The title phrase comes from a TV advertising campaign promoting people to go have cancer checkups. In the TV commercial, the husband and wife are playing tennis, and the husband says, “In the event that I develop cancer…” Then the wife clearly replies by saying, “Not in the event that, but it’s half and half.”
Today, one out of two people develop cancer, and one out of three die from cancer. In that sense, it can be said that anyone can get cancer, but the question is, will we be able to calmly cope with it if we are diagnosed with cancer? Probably not. And, it is questionable whether cancer may be cured easily. Even after surgery or ending medicinal treatments, patients must continue checking their progress over a period of several years. They also must deal with the possibility of recurrence and other matters which may be stressful.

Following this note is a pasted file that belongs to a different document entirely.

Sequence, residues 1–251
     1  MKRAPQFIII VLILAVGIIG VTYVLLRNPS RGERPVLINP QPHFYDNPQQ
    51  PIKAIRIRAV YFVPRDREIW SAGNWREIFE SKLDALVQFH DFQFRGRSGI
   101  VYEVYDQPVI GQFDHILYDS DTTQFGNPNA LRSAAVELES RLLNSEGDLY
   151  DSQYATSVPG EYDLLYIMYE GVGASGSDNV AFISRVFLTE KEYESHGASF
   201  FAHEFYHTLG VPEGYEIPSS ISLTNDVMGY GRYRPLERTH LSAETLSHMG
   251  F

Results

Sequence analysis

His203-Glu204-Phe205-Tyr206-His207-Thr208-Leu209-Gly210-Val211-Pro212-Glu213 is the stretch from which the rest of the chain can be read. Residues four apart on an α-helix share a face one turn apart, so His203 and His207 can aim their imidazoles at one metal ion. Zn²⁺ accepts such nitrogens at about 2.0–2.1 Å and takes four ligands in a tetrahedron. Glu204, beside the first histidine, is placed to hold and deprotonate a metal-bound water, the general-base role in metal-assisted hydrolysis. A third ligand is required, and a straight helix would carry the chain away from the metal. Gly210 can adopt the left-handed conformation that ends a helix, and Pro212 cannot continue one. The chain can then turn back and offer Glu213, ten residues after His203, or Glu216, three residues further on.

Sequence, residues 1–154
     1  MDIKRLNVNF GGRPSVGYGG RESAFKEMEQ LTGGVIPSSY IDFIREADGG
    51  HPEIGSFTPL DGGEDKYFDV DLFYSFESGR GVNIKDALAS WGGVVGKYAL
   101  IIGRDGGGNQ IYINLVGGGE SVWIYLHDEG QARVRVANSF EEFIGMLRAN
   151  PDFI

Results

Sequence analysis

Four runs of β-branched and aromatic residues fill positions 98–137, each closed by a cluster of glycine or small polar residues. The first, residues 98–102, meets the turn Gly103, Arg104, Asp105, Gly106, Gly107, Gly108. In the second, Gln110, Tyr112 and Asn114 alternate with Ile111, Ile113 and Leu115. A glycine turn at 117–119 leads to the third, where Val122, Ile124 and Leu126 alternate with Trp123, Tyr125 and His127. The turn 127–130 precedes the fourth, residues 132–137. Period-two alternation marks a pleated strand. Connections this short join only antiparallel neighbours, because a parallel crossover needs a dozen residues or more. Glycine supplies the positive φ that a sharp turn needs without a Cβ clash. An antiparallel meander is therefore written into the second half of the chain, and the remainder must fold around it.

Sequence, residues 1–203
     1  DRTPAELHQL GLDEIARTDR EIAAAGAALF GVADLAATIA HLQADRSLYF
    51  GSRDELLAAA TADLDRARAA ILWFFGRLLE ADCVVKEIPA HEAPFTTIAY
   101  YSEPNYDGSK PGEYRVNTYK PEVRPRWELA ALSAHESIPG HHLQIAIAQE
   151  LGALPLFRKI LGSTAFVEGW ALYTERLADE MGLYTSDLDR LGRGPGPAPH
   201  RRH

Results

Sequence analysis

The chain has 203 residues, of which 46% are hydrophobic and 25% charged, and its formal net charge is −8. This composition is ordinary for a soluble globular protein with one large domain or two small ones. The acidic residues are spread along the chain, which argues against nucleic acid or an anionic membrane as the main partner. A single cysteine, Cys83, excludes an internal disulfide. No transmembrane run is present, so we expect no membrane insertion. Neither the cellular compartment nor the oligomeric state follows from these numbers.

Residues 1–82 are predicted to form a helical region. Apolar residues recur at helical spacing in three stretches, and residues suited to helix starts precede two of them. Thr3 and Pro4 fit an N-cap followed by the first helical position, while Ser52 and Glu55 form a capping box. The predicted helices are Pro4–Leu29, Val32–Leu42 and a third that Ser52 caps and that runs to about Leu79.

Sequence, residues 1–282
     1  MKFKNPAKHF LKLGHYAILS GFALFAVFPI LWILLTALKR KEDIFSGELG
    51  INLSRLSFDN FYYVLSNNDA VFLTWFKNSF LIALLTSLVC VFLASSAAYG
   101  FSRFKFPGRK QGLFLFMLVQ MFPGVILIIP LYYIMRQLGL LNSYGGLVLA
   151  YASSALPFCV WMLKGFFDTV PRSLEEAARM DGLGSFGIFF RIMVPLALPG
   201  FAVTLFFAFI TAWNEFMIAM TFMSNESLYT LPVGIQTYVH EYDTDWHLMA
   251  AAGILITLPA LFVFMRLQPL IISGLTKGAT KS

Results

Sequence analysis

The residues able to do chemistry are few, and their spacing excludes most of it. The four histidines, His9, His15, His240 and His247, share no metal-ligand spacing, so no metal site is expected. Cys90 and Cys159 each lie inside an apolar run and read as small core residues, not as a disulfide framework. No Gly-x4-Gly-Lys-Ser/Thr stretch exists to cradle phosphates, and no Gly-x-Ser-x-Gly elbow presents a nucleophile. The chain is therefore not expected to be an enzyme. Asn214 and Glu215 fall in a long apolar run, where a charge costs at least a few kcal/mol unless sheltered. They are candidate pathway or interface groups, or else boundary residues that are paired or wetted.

There are several people around me who are going through this. They are all receiving treatments and are positively leading their daily lives. I send my warmest regards to them all.
It is best if no one becomes ill, but we cannot help it as long as we are human. A famous actress, Kirin Kiki, who passed away recently, had said, “If illness is evil and health is good, life would be no fun.” I truly feel the same way. Illness is of course not evil, and it is not of a negative matter in life.
Jesus said to the blind men “the works of God might be displayed,” and he touched and healed people with leprosy. Jesus became deeply involved with our illness and gave us encouragement and healing. I would like to remember that Jesus watches over us.
It is “not in an event that… but it’s half and half.” Therefore, let’s get ourselves over to the doctor’s office for a checkup.
The Rt Revd Peter Ichiro Shibusawa